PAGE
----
Our family has recently decided to become more cultured, more well-rounded, more creative. This summer, we auditioned as a family for the acclaimed musical presentation, “The Promise”. It was my daughter’s idea, and we decided it would give us something to do on a Saturday. We didn’t actually think we’d all make it.
But lo and behold, each of our names appeared on the 2010 cast list. Every Saturday in August, we made the two hour drive to Glen Rose, Texas for the 8 – 12 hour rehearsals at the Texas Amphitheatre. Outdoors. In four-hundred-twelve degree weather.
Okay, maybe it wasn’t quite that hot. But trust me, it was hot.
It’s been a lot of work, but it’s also been a load of fun. I mean, we’ve learned things about what went on in Biblical times that we never knew. We’ve witnessed miracles and seen lives changed. We’ve watched crippled people walk, blind people see, and one day at rehearsal, Lazarus was brought back from the dead. Three times. Now that’s powerful stuff.
And who would have known that Jesus wears athletic shoes, glasses, and a backwards ball cap? I didn’t, that’s for sure.
The live animals have been really cool, too. For the most part, anyway. The camel is kind of scary. And the sheep are cute, but they really do need to learn to clean up after themselves. I have to follow them onstage, and it’s not always a pleasant experience, if you know what I mean.
“The Promise” is an incredible accumulation of theatrical and musical talent, technical skill, and artistic flair. The set designs are amazing, the props and special effects are unbelievable, and the costumes are out of this world.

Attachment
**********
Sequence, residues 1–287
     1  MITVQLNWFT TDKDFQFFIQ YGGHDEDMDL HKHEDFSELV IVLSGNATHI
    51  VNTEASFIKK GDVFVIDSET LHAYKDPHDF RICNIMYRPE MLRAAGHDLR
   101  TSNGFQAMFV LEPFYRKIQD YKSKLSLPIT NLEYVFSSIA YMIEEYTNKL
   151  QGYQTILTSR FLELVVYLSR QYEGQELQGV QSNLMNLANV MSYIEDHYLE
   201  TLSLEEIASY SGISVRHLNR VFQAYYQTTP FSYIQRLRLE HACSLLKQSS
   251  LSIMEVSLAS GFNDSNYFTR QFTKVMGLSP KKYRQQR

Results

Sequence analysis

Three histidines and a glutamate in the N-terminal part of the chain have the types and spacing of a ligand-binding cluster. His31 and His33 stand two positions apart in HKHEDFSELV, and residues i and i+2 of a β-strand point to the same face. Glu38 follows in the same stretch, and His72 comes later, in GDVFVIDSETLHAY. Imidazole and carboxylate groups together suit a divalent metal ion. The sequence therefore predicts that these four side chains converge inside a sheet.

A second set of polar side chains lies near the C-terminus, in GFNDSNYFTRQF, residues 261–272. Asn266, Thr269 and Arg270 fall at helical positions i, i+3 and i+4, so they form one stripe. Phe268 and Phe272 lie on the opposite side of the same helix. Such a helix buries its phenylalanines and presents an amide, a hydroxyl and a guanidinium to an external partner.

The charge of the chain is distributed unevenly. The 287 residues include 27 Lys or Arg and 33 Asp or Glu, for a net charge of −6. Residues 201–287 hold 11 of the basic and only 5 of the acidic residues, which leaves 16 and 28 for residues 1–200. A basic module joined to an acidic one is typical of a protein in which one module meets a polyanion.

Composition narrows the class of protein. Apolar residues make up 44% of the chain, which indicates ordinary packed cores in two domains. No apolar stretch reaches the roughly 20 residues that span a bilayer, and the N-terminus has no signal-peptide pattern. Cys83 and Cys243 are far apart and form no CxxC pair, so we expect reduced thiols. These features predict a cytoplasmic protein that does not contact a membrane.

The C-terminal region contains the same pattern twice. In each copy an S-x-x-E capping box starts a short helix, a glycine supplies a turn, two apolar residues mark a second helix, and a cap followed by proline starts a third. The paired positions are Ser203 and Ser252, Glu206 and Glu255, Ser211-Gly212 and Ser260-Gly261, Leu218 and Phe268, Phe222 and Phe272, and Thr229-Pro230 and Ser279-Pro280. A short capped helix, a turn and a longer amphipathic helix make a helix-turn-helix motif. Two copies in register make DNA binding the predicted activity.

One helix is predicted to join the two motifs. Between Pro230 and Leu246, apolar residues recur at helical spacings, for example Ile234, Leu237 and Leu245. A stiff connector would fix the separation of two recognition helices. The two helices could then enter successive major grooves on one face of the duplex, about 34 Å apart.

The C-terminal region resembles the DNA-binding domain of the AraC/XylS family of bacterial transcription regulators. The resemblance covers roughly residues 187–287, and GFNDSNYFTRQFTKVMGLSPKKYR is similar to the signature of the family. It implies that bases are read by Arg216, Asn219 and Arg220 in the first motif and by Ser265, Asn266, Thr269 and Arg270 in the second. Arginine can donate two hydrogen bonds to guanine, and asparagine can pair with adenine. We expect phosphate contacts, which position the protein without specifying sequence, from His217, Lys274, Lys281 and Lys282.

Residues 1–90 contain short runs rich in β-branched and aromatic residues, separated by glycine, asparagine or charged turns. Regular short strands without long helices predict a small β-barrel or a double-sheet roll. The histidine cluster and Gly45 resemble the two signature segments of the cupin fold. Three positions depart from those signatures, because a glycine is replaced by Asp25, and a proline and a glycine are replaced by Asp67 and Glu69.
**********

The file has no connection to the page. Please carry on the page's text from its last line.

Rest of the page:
As a matter of fact, my costume needed some adjustment, and I watched in awe as the skilled seamstress made the necessary changes. She measured, pinned, and tucked, and soon her machine was humming a busy tune. In no time at all, the costume was perfectly hemmed and pressed.
Wearing the long tunic, overcoat, and headpiece of that day has made me curious about people of that time period. How did they do it? How in the world did women do laundry without getting soaked? How did they cook without catching their trailing headgear on fire?
And most importantly, how did those ladies survive without bright pink toenail polish?
These are questions I plan to have answered when I get to heaven.
I do know one interesting thing, though, about the way they dressed back then. Whenever a person had a valuable item, they often sewed it into the hem of their garment, so they wouldn’t lose it. I appreciate this bit of trivia even more after watching our seamstress with her whirling machine. That hem is strong and tight, and it was done with modern technology. I can just imagine the huge amount of time and back-breaking skill it must have taken for a seamstress in biblical times to slowly, stitch by tiny stitch, sew the yards of hem by hand. And if she was hiding a gold coin in that hem, I’m sure she took even more time making sure the hem was strong and secure.
God knew the time and care such a hem required. He even used that as an example of His care for us. In Psalms, He tells us that He hems us in.
In other words, we are important to Him. He highly values each one of us. And He will do whatever it takes to make sure we are safe and cared for.
I love that picture. Sometimes, when I’m feeling scared or lonely or stressed out, I close my eyes and picture myself being wrapped in His love, like that gold coin was wrapped in the fabric of the tunic. Then, I picture God painstakingly sewing me into His care, stitch by tiny stitch, assuring that I won’t be lost from His presence. And then I remember. I am special to Him. He really, really loves me. And He will always take care of me.
“You hem me in—behind and before; you have laid your hand upon me,” Psalm 139:5.